In short, these leading local currencies could use blockchains, but do not. Why not?
You certainly could use a blockchain, or Bitcoin, or some other cryptocurrency to implement a local digital currency like the grama. But I think there is little reason to do so, and many reasons not to.
In these local currencies, the digital technology is designed to enhance face-to-face interactions among local people, which are inherently trustworthy. Furthermore, the local currency enhances trust in local institutions and businesses, and discourages dealing with anonymous, untrustworthy outsiders.
A local currency is designed to encourage face-to-face, non-anonymous transactions.
A local currency is trusted because it relies on personal relations.
Blockchain technology, in contrast, is designed to move money around the world with little friction, sucking money away from local economies. Transactions are not only not face-to-face, they are partly anonymous. And furthermore, public blockchains such as Bitcoin or Ethereum are “decentralized”, and have no one responsible for them, let alone no local control over decision making.
Cryptocurrencies are the opposite of “local currencies”.
“Decentralized” blockchains are the opposite of “locally controlled” systems.
Cryptcocurrencies are “trustless”, which is antithetical to local solidarity.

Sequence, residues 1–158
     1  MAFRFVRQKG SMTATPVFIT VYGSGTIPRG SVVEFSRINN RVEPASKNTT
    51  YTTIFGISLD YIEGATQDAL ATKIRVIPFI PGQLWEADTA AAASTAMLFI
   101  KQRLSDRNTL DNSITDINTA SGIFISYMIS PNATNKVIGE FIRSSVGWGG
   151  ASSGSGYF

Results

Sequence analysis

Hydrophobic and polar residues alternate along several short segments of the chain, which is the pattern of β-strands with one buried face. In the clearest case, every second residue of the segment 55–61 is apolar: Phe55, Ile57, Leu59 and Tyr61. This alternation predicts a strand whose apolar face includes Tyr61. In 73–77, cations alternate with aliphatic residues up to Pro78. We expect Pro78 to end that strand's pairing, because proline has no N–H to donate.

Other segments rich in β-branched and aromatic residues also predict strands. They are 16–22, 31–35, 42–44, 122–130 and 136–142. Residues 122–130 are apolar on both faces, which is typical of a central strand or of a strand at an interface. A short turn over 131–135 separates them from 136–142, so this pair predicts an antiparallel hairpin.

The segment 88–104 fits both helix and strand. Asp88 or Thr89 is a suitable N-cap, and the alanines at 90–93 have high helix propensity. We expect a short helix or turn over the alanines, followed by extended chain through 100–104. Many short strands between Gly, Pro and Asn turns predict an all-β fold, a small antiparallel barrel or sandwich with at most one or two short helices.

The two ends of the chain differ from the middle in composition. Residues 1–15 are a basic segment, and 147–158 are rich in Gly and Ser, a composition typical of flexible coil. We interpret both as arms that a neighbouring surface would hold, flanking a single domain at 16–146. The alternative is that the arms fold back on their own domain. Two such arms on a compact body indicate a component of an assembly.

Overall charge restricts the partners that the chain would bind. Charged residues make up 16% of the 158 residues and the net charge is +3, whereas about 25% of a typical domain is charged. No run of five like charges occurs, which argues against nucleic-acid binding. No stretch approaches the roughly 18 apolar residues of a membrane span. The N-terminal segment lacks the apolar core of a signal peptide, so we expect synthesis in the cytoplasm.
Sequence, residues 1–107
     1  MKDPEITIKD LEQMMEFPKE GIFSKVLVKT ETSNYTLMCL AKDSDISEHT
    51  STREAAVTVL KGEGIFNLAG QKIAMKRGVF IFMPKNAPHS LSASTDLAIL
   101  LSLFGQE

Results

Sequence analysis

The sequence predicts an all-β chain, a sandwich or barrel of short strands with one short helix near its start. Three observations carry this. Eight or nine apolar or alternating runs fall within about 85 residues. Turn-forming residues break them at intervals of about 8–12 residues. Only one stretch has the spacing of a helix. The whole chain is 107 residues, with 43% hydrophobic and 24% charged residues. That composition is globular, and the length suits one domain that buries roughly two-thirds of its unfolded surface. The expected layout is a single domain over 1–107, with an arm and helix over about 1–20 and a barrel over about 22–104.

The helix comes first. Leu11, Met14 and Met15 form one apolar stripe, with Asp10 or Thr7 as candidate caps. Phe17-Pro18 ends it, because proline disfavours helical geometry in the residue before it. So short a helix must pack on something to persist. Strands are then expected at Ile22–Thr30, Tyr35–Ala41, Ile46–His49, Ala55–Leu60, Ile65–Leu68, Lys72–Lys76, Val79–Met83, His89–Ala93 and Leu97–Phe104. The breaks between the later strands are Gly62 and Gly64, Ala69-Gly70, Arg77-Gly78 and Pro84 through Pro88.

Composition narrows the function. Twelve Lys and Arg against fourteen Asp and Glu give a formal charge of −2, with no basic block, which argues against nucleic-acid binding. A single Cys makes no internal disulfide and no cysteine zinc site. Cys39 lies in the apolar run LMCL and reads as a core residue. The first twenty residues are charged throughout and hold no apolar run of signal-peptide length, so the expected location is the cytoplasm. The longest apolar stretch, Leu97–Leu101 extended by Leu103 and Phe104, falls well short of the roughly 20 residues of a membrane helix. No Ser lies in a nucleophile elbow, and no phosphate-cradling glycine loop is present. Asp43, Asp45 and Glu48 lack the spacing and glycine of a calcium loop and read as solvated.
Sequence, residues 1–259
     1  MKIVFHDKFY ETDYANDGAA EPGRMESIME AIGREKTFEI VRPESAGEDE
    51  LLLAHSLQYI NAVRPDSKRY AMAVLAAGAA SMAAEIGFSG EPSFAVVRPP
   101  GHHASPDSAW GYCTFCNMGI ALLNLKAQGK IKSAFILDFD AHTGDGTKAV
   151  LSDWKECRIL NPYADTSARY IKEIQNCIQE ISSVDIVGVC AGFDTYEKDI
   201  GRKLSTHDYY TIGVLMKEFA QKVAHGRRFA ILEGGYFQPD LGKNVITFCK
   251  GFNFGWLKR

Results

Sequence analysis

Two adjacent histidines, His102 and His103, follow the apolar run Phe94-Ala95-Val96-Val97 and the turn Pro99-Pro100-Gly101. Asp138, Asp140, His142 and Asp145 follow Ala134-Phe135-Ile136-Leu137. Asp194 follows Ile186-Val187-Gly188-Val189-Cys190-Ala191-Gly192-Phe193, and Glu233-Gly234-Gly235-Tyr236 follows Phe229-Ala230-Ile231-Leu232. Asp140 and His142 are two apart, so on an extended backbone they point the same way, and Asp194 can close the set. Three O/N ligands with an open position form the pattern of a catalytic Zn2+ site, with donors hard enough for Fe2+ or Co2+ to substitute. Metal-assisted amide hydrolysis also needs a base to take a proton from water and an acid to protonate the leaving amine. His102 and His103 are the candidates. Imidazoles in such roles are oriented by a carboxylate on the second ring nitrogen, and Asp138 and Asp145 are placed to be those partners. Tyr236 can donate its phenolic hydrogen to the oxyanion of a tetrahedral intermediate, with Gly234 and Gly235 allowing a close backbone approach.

The bottom line is that digital technology, including cryptographic signatures, definitely are a good technology for empowering local communities.
However, blockchains in general, and global cryptocurrencies specifically, are really not the right technology for local currencies, and probably not for empowering people in any way.
The key to success for this kind of system is good interface design, local organizing (Santa Coloma has participation from local government and over 100 local businesses), and the backing of the public. It could have a blockchain inside or not—users would never know the difference.
If blockchains are not the right technology for a local currency, then it is worth asking if blockchains are the right technology for any kind of local self-government.
My own view is that, to the degree that blockchain-based systems encourage offshore finance and “autonomous” transactions, they are the perfect tools for the exploitation of local communiities, and likely to be very destructive of local economies.
- Bristol Pound Community Interest Company. The Bristol Pound – Our City, Our Money. 2017, https://bristolpound.org/.
- Aaron Fernando, How One City in Spain Launched a Local Currency Sharable.June 8 2017, http://www.shareable.net/blog/how-one-city-in-spain-launched-a-local-currency
- Qoin. Qoin – Money That Matters. 2017, http://www.qoin.com/.
- Joseph E. Stiglitz, The Euro: How A Common Currency Threatens the Future of Europe, New York, W. W. Norton& Company, 2016.
- Don Tapscott and Alex Tapscott, Blockchain Revolution: How the Technology Behind Bitcoin is Changing Money, Business, and the World, New York, Portfolio/Penguin, 2016.